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Profiling the Cross-Border Funding of the Irish Banking System


  • Coates, Dermot

    (Central Bank of Ireland)

  • Everett, Mary

    (Central Bank of Ireland)


Between 2002 and 2008, there was a surge in foreign funding ows to the Irish banking system. This unprecedented increase in in ows was a key driver of the credit boom in Ireland. In the wake of the domestic banking and global nancial crises, the Irish banking system experienced a sharp decrease in its foreign wholesale funding. This Economic Letter addresses two primary questions: (i) who funded the Irish banking system during the boom?; and (ii) how did foreign funding contract in the post-September 2008 environment? The UK and the international interbank market are found to be the predominant funding sources for the Irish banking system during the credit boom. Funding originating from banks in the UK accounted for the most pronounced contraction.

Suggested Citation

  • Coates, Dermot & Everett, Mary, 2013. "Profiling the Cross-Border Funding of the Irish Banking System," Economic Letters 04/EL/13, Central Bank of Ireland.
  • Handle: RePEc:cbi:ecolet:04/el/13

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    References listed on IDEAS

    1. Forbes, Kristin J. & Warnock, Francis E., 2012. "Capital flow waves: Surges, stops, flight, and retrenchment," Journal of International Economics, Elsevier, vol. 88(2), pages 235-251.
    2. Portes, Richard & Rey, Helene, 2005. "The determinants of cross-border equity flows," Journal of International Economics, Elsevier, vol. 65(2), pages 269-296, March.
    3. Gian‐Maria Milesi‐Ferretti & Cédric Tille, 2011. "The great retrenchment: international capital flows during the global financial crisis," Economic Policy, CEPR;CES;MSH, vol. 26(66), pages 285-342, April.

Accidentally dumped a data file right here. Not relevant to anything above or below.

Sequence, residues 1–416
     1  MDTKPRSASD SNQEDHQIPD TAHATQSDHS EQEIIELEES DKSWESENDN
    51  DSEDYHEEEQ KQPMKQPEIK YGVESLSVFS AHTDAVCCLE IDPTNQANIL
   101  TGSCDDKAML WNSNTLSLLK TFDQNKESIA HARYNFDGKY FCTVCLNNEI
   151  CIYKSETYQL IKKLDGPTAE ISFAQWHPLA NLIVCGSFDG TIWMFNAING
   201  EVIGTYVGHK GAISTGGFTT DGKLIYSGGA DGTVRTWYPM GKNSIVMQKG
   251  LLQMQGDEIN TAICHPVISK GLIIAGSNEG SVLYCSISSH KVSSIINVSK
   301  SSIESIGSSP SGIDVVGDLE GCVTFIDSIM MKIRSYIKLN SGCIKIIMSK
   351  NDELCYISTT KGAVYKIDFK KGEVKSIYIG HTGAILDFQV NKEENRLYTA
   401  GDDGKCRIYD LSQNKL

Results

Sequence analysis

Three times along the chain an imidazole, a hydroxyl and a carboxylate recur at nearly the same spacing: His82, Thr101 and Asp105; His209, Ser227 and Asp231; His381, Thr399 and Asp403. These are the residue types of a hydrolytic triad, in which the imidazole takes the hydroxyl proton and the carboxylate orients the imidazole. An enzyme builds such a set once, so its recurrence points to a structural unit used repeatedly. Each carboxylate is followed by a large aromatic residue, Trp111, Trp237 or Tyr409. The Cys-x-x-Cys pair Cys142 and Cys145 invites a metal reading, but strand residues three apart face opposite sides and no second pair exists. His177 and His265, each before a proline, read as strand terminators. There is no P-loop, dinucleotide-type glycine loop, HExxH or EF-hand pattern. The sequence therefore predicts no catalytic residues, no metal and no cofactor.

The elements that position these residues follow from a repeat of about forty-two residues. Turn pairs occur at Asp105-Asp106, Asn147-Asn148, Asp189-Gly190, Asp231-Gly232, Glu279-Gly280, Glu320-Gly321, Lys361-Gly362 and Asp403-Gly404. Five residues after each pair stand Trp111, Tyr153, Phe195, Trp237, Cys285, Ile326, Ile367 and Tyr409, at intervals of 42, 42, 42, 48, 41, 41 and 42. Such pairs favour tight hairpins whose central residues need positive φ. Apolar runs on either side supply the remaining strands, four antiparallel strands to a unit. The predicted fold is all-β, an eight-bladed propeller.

4. Claudia M. Buch, 2005. "Distance and International Banking," Review of International Economics, Wiley Blackwell, vol. 13(4), pages 787-804, September.
    5. Silvia Merler & Jean Pisani-Ferry, 2012. "Sudden Stops in the Euro Area," Review of Economics and Institutions, Università di Perugia, vol. 3(3).
    6. Honohan, Patrick, 2009. "Resolving Ireland’s Banking Crisis," The Economic and Social Review, Economic and Social Studies, vol. 40(2), pages 207-231.
    7. International Monetary Fund, 2010. "European Financial Linkages; A New Look At Imbalances," IMF Working Papers 10/295, International Monetary Fund.
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    Cited by:

    1. Philip R. Lane, 2015. "The Funding of the Irish Domestic Banking System During the Boom," Trinity Economics Papers tep0515, Trinity College Dublin, Department of Economics.
    2. Lane, Philip R., 2015. "The Funding of the Irish Domestic Banking System During the Boom," CEPR Discussion Papers 10777, C.E.P.R. Discussion Papers.
    3. Niall McInerney, 2016. "A Structural Model of Macroprudential Policy: the Case of Ireland," EcoMod2016 9643, EcoMod.
    4. Gerlach-Kristen, Petra & Mc Inerney, Niall, 2014. "The Role of Credit in the Housing Market," Papers WP495, Economic and Social Research Institute (ESRI).
    5. Mary M. Everett, 2015. "Blowing the Bubble: The Global Funding of the Irish Credit Boom," The Economic and Social Review, Economic and Social Studies, vol. 46(3), pages 339-365.
    6. International Monetary Fund, 2016. "Ireland: Financial Sector Assessment Program; Technical Note-Stress Testing the Banking System," IMF Staff Country Reports 16/315, International Monetary Fund.
    7. Clancy, Daragh & Merola, Rossana, 2017. "Countercyclical capital rules for small open economies," Journal of Macroeconomics, Elsevier, vol. 54(PB), pages 332-351.
    8. Patrick Honohan, 2016. "The Old Connection Sundered? Ireland and the UK since 1916," Trinity Economics Papers tep1416, Trinity College Dublin, Department of Economics, revised Sep 2016.

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